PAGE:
Important Artist Sam Borenstein Honoured with Street Name
A street in one of Montreal’s residential developments has been named after the important Canadian artist Sam Borenstein. Place Sam-Borenstein is in the borough of Ville St. Laurent.
Borenstein is one of Canada’s foremost post-war artists and the market for his work continues to soar. Recognition did not come easily for the self-taught master. His radical manner of expressionism was an extreme challenge for the market of the 1950s, when buyers were still acclimating to the Group of Seven and Borenstein often resorted to selling paintings by other artists to supplement his income.
While some Canadian art buyers struggled to understand his emotionally charged work, connoisseurs recognized the compelling quality of Borenstein’s painting. He had commercial exhibitions during his lifetime at the venerable Watson Galleries and at Galerie Walter Klinkhoff. William Watson confided to Walter Klinkhoff that the two Borensteins he had in his personal collection were among his favourite paintings. At this time, in the 1950s, the “great” Dutch art dealing firm Van Wisselingh held annual exhibitions at Watson Galleries, featuring great works by Van Gogh, Renoir and others. One of the partners, Mr. de Jong, considered Borenstein to be Canada’s best artist. John MacAulay, who then had Canada’s finest collection, purchased numerous Borenstein paintings from us.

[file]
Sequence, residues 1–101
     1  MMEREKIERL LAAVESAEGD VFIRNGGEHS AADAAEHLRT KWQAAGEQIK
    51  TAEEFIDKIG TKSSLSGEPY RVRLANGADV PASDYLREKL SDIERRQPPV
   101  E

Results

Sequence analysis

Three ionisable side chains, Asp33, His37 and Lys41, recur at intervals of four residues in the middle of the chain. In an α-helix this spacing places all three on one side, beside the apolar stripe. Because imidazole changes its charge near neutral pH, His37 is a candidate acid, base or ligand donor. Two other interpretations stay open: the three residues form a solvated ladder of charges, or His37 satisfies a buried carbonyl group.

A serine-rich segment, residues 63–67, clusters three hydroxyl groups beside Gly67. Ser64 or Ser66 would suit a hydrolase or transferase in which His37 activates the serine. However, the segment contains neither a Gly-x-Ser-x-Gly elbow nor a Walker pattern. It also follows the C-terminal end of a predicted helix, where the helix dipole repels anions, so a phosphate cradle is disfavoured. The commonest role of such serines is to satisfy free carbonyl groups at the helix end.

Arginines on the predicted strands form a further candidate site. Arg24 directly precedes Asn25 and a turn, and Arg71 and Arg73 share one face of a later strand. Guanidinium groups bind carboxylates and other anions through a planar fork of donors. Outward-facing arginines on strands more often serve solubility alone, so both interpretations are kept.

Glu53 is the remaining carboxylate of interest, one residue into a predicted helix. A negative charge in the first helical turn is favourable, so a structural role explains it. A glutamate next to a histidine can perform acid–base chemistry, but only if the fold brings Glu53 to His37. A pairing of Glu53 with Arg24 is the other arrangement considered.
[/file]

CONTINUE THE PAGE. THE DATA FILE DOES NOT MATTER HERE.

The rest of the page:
Borenstein died prematurely in 1969, largely unappreciated in Canada, but his legacy has grown formidably in years since. We paid hommage to him with a non-selling retrospective exhibition in 1978. Borenstein’s daughter, Joyce, produced an outstanding documentary called “The Colours of My Father” (1993), which was nominated for an Academy Award in Hollywood. Borenstein has subsequently been celebrated with a one man retrospective at the Montreal Museum of Fine Arts (2005-2006), an exhibition that traveled to three provinces and included stops in Toronto and Sackville, New Brunswick. His paintings also featured prominently in the Jewish Painters of Montreal exhibition (McCord Museum/Musee national des beaux-arts du Quebec) in 2008. Most recently, he was also honoured with a solo retrospective at the Yeshiva University Museum (2011) in New York City.
The market for Borenstein paintings has grown rapidly over the last ten years and those fortunate enough to have acquired them in the 1950s or 60s have seen handsome returns. Place Sam-Borenstein is the latest addition to the legacy of one of Canada’s great artists.
Copyright © Jonathan Klinkhoff